So the SEIS offers very attractive tax relief, and the ability to cancel capital gains tax you owe on other assets, but the companies you invest in must be tiny, which carries increased risk.

Venture Capital Trust (VCT)

Unlike EIS and SEIS (which are schemes that you usually invest in via a fund) a Venture Capital Trust is a company listed on the stockmarket. The purpose of this company is to invest in small companies that want to raise money to grow. Apart from that difference an investment in a VCT is quite similar to an EIS or SEIS investment. The differences are as follows:

Income tax relief is 30%, with a £200,000 annual limit.

You cannot carry back this income tax relief to the last tax year, as you can with EIS and SEIS.

Dividends from a VCT are free from income tax, unlike those received from EIS and SEIS investments which are fully taxable.

While your VCT investment is exempt from capital gains tax, you can’t use it to defer or avoid capital gains tax payable on other investments as you can with the EIS and SEIS.

Venture Capital Trust investments are not exempt from inheritance tax, as they don’t receive Business Property Relief.

Our view

Investing via the EIS, the SEIS or a VCT carries considerable risks, due to the small, fast-moving nature of the companies that can issue shares under these schemes. We have come across clients with losses on previous EIS investments of up to £350,000 (their entire stake). As such, these are only for adventurous investors who can afford to lose all of the money they put in if things go wrong.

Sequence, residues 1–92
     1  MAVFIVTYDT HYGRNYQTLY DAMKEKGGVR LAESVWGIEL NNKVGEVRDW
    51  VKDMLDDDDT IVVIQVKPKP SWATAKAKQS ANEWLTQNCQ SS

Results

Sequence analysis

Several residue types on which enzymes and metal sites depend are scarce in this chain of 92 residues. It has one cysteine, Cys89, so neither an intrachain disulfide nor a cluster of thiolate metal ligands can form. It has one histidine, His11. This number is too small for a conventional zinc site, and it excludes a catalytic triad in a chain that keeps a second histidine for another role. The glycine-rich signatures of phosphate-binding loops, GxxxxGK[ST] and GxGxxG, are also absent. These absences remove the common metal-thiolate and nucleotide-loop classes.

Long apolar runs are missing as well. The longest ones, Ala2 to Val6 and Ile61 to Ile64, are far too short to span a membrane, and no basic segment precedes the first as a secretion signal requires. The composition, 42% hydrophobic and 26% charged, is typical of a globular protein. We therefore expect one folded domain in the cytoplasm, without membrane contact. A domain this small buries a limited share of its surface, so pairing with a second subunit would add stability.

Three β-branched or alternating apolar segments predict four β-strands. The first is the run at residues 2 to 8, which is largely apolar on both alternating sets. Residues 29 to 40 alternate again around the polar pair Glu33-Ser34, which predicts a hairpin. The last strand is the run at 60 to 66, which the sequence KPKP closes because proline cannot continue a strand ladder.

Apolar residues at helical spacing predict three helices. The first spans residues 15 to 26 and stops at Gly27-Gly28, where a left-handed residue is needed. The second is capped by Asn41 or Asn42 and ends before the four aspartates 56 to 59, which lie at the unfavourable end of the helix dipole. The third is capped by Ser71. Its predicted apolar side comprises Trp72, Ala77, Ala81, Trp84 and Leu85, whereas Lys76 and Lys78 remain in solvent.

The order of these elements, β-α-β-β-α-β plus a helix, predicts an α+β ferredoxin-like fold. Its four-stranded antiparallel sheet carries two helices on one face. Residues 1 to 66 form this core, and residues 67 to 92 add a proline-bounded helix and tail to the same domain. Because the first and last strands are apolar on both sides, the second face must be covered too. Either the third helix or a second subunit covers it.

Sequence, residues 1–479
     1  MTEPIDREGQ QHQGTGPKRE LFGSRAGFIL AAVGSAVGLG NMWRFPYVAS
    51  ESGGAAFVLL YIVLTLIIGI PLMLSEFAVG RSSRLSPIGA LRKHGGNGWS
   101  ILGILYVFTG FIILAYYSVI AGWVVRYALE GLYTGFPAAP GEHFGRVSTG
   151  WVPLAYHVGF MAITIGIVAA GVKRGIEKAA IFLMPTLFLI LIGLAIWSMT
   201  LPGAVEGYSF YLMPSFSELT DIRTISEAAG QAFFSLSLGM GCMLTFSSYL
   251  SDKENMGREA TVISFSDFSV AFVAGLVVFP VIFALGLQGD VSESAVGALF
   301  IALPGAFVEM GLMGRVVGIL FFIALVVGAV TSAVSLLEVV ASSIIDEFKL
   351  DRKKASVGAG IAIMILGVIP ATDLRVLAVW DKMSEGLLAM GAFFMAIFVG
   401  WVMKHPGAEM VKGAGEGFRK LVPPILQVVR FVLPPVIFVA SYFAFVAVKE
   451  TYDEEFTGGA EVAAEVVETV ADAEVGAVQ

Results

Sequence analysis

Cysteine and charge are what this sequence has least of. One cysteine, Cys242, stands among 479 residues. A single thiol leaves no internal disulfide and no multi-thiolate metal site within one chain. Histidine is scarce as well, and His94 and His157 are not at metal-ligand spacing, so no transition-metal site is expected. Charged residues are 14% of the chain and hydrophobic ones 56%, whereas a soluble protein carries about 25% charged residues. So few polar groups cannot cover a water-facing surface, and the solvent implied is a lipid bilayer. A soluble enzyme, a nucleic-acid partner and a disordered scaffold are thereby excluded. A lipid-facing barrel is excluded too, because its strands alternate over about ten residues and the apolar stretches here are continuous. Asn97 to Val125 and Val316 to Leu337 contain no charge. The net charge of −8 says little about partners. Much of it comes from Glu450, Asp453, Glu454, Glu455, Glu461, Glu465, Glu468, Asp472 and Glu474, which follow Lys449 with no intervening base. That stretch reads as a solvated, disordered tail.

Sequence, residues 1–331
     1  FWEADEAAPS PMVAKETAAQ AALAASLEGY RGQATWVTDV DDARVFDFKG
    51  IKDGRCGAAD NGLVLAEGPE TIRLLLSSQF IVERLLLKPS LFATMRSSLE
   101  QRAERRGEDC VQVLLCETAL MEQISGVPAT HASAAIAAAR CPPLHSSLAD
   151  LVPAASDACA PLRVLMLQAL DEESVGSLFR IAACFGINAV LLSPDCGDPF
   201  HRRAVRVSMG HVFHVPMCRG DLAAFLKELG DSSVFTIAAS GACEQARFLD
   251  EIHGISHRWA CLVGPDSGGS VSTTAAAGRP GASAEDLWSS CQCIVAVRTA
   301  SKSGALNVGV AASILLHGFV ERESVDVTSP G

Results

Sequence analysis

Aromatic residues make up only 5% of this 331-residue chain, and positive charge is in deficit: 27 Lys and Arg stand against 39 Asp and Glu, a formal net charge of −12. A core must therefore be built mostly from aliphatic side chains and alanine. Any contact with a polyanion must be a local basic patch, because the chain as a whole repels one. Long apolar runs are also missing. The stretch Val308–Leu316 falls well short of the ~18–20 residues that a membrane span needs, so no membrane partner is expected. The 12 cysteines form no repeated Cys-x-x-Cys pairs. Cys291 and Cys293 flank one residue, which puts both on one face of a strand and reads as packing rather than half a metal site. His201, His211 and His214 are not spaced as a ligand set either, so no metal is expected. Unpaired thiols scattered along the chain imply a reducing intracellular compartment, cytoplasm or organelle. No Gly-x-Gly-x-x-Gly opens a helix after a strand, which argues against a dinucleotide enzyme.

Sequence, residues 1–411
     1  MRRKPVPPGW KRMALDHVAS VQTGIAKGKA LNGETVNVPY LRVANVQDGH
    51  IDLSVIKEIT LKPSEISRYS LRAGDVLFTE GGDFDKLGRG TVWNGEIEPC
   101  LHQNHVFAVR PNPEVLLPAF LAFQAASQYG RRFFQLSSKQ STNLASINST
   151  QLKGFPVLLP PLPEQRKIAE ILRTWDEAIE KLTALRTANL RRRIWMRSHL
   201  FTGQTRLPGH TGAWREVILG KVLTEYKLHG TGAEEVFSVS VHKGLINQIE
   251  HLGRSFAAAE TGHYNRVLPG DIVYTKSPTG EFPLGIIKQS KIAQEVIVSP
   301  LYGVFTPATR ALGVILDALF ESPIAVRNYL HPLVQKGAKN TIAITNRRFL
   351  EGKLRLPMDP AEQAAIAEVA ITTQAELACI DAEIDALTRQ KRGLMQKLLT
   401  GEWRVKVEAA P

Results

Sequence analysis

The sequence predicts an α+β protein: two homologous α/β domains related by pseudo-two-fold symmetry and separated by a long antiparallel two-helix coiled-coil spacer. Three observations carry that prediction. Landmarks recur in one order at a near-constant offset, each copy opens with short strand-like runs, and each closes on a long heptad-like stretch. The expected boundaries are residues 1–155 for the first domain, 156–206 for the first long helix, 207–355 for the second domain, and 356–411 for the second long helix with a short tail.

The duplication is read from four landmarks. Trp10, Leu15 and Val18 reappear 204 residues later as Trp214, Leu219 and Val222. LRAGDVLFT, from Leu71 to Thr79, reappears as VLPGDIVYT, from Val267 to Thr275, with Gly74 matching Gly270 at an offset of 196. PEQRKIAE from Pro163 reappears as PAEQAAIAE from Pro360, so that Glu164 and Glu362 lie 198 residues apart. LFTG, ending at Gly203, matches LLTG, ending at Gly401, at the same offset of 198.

The income tax relief is very attractive, at up to 50%. Income tax relief at this level is otherwise only available if you are a higher rate taxpayer in certain earnings brackets and make pension contributions. However, we question whether this on its own is enough to justify choosing one of these vehicles over a pension, which can be invested in large, low risk companies or even cash if you choose.

There is also the issue of fees to consider. Investing in the Enterprise Investment Scheme or Seed EIS via a fund, or investing in a Venture Capital Trust, is likely to involve significantly higher initial and annual management charges than investing in an ISA or pension.

As such we believe that you should only consider these investment vehicles if you are in one of the following situations:

a) You have used up your Annual or Lifetime Allowance for pension contributions, but still have an income tax bill that you want to reduce.

b) You have a large capital gains tax bill from the sale of a previous asset, and are willing to risk your money to defer or avoid this.

c) You want to invest in a specific small company anyway (perhaps one run by someone you know), in which case doing it via the EIS or the SEIS is very attractive from a tax point of view.

d) You want to benefit from income tax relief but know that you will need your investment back before you are 55 years old (the earliest point from which you can take money out of a pension).

And even for those who do fall into the above categories we would caution again that these are high-risk investments in small companies.

Chartered Financial Planners. FCA Regulated (FCA no. 603653)